A Broad-Spectrum Computational Approach for Market Efficiency
AbstractThe Efficient Market Hypothesis (EMH) is one of the most investigated questions in Finance. Nevertheless, it is still a puzzle, despite the enormous amount of research it has provoked. For instance, it is still discussed that market cannot be outperformed in the long run (Detry and Gregoire, 2001), persistent market anomalies cannot be easily explained in this theoretical framework (Shiller, 2003) and some talented hedge-fund managers keep earning excess risk-adjusted rates of returns regularly. We concentrate in this paper on the weak form of efficiency(Fama, 1970). We focus on the efficacity of simple technical trading rules, following a large research stream presented in Park and Irwin (2004). Nevertheless, we depart from previous works in many ways : we first have a large population of technical investment rules (more than 260.000) exploiting real-world data to manage a financial portfolio. Very few researches have used such a large amount of calculus to examine the EMH. Our experimental design allows for strategy selection based on past absolute performance. We take into account the data-snooping risk, which is an unavoidable problem in such broad-spectrum researches, using a rigorous Bootstrap Reality Check procedure. While market inefficiencies, after including transaction costs, cannot clearly be successfully exploited, our experiments present troubling outcomes inviting close re-consideration of the weak-form EMH.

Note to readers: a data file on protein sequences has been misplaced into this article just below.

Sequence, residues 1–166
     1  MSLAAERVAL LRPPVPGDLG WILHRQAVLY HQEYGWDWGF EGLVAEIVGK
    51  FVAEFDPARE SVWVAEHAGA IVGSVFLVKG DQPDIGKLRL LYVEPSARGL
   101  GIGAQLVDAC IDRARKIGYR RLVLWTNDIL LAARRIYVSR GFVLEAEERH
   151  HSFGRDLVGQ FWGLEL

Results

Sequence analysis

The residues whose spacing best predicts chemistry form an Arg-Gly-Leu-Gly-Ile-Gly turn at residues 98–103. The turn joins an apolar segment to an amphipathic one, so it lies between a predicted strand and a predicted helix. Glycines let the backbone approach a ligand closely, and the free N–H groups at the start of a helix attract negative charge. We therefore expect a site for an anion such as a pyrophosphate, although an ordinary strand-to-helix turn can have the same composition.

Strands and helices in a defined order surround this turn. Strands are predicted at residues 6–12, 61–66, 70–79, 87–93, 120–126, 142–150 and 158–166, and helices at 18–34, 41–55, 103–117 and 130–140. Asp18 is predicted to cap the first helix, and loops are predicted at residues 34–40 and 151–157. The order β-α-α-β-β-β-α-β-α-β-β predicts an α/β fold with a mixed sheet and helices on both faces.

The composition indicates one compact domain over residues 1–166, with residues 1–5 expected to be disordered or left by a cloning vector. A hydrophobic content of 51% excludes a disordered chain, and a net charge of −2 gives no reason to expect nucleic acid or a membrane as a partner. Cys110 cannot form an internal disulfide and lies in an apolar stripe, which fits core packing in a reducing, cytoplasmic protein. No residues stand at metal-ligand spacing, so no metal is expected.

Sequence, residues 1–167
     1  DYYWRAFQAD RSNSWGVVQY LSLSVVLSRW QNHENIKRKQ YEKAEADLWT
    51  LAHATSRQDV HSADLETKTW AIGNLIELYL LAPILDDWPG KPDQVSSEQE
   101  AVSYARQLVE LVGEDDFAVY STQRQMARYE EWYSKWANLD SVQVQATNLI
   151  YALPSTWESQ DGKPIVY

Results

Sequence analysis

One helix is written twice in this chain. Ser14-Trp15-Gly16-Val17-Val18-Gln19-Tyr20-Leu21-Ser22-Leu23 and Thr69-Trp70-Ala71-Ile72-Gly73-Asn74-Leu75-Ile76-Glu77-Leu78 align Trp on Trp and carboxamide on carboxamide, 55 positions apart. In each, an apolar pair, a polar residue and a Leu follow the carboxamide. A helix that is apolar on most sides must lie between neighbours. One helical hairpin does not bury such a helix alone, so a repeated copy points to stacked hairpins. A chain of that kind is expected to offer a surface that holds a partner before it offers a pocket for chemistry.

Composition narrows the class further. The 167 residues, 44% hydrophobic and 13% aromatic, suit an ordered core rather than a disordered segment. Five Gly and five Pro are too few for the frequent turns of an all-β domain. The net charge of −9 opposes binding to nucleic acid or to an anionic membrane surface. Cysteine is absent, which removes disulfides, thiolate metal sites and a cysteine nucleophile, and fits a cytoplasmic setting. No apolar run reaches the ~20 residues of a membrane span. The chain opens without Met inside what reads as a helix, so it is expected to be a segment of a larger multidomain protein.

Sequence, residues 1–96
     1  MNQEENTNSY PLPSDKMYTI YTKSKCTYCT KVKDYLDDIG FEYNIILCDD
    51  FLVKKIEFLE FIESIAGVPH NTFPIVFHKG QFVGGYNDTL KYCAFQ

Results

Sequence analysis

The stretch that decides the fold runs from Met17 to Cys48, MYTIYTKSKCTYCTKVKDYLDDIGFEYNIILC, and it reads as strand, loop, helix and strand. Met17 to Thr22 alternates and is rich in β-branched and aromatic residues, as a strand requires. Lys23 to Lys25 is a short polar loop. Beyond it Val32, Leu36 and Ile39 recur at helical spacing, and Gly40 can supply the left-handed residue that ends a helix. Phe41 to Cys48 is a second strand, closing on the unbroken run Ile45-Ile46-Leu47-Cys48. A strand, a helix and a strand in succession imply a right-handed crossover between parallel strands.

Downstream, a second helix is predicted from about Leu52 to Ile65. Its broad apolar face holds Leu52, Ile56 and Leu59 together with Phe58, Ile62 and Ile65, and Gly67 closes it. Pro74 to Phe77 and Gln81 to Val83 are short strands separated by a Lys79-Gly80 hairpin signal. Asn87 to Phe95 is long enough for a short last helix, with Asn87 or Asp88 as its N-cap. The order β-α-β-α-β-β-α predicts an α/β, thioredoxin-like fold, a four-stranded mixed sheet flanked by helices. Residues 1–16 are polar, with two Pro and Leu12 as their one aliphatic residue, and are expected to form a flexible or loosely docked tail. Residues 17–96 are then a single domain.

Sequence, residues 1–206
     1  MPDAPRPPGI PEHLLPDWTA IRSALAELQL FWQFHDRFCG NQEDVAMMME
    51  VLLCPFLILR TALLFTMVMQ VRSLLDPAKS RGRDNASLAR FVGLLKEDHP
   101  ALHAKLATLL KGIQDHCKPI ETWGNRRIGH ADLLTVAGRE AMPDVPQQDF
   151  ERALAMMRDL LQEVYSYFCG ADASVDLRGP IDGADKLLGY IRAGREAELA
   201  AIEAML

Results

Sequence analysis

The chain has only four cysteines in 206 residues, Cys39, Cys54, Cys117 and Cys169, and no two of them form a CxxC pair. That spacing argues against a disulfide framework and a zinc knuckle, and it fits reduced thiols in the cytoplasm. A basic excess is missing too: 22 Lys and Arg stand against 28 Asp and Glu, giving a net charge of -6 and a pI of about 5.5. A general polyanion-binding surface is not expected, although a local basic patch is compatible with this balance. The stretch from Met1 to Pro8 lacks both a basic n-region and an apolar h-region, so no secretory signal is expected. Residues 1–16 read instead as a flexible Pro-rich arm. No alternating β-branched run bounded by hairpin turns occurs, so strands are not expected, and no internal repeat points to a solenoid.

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Bibliographic InfoPaper provided by Society for Computational Economics in its series Computing in Economics and Finance 2006 with number 492.
Date of creation: 04 Jul 2006
Date of revision:
efficient market hypothesis; large scale simulations; bootstrap;
Find related papers by JEL classification:
- G14 - Financial Economics - - General Financial Markets - - - Information and Market Efficiency; Event Studies; Insider Trading
- C63 - Mathematical and Quantitative Methods - - Mathematical Methods; Programming Models; Mathematical and Simulation Modeling - - - Computational Techniques
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